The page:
Table 2 shows the ability of the processed white lupin to retain considerable amounts of both macro- and micronutrient elements. While there was a decrease in the concentration of K, Mn, Mg, Zn, Co and Cu there was an increase in the concentration of Ca, Fe, Na, Cr, Ni and Pb in the processed white lupin seeds. Cadmium was not detected in all the investigated samples. The processed white lupin samples also showed non-uniform patter of the levels of all the elements in the samples from all the sampling sites. In general, ranges of concentrations of the studied macronutrient, micronutrient and toxic elements could be arranged according to their levels in the processed white lupin samples from all the sampling sites in the following order in dry weight basis in [micro]g/g: Mn (1075-2265) > K (1100-1220) > Ca (709-1284) > Mg (629-759) > Fe (70.7-83.8) > Zn (55.6-64.6) > Na (15.1-31.1) > Co (16.7-17.2) > Pb (9.9-13.1) > Ni (6.9-11.7) > Cr (9.4-10.3) > Cu (5.1-12.2).

Figures 1 and 2 show the comparative results of the mean concentration of the studied elements in the raw and processed white lupin samples

DISCUSSION

Distribution pattern of the elements in raw (dried) Lupinus albus samples

As it can be seen from Table 1, there is a large difference in concentration of different elements within raw white lupin samples and slight variation in elements of the same type along with the study area. Among the macro elements distribution of K in all the raw samples was the highest followed by Mg and Ca throughout the three sample sites. Na was the least among the macro elements. The higher level of K and Mg in the white lupin sample is probably due to the fact that nutrient elements such as N, P, K, S, and Mg are highly mobile in the plant tissue and trans-located from old plant tissue to new plant tissue [30]. If the soil used for cultivating the plant is highly fertilized with manure and organic residues, there is higher availability of K, Ca and Mg [30]. Thus, this might be the other probable reason for higher levels of K, Mg and Ca.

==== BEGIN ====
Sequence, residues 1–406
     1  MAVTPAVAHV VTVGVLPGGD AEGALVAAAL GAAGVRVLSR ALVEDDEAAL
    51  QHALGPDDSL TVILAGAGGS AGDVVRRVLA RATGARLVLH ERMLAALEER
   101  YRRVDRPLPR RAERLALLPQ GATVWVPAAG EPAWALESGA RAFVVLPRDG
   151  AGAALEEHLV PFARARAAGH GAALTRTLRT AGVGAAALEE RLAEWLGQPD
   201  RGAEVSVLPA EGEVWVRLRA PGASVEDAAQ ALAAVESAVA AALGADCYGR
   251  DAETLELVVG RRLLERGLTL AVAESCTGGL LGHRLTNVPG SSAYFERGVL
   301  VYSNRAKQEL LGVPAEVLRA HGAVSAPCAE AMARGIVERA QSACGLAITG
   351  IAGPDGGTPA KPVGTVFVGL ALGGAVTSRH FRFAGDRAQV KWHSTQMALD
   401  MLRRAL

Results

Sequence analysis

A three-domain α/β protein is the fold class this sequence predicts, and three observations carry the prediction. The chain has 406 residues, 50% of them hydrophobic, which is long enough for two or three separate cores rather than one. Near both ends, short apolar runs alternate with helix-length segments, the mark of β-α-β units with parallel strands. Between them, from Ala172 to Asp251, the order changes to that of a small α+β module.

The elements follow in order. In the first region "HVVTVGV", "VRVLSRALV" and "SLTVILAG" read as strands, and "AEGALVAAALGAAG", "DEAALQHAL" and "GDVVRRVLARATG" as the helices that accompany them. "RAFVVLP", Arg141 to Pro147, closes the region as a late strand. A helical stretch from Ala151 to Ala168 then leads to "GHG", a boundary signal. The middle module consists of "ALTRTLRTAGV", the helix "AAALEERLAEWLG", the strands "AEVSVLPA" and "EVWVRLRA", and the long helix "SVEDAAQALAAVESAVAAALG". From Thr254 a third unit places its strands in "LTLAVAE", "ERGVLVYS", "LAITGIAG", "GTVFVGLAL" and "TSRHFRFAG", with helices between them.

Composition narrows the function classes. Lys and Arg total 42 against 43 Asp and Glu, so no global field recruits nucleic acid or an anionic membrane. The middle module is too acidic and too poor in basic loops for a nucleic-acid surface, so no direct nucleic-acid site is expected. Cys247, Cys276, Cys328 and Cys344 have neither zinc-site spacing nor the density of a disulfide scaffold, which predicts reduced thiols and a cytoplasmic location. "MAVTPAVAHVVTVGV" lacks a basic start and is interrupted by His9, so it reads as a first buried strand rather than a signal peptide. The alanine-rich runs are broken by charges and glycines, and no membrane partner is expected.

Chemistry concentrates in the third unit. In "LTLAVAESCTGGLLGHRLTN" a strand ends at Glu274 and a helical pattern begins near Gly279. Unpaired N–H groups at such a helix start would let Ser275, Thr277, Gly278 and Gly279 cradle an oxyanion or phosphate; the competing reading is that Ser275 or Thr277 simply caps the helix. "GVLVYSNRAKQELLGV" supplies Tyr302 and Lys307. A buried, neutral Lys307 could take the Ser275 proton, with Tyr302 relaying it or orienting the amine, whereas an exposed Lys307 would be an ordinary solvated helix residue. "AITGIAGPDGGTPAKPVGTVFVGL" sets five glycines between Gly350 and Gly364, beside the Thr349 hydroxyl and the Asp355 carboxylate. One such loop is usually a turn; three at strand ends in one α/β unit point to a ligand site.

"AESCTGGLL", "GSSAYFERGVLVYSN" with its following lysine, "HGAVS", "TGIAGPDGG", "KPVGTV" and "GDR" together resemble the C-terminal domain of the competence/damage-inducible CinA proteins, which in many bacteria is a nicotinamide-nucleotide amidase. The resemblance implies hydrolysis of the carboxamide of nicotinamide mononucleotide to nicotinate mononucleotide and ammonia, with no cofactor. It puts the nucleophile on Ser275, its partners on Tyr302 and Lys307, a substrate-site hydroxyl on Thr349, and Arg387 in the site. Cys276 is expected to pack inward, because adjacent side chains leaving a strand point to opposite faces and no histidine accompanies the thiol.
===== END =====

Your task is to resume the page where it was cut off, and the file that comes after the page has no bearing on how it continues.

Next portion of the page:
Table 2 indicates that Mn was the highest followed by Fe among the trace elements in the raw white lupin samples from all sample sites. Higher Mn levels in white lupin might be attributed to the availability of this micronutrient in relatively acidic soils of the farmland. The availability of Mn present in soil is known to depend on soil pH [31]. The solubility of Mn becomes high at low pH due to this reason its concentration might be high in acidic soil [31]. The high concentration of Zn and Fe from trace metals next to Mn in white lupin may be because of the fact that these ions are readily transferred from the soil to plants, and accumulate in plants [29, 32, 33]. The levels of other essential trace elements detected in raw white lupin were Cr, Co, Ni. Cu had the least distribution within the samples. This might be due to either the intake of this element by the plant may be low or the bioavailability of the element is very small in the plant [29, 32, 33]. The non-essential heavy element, Cd, was found to be below the method detection limit. Thus Cd has low exposure to the farm lands as well as to the plant.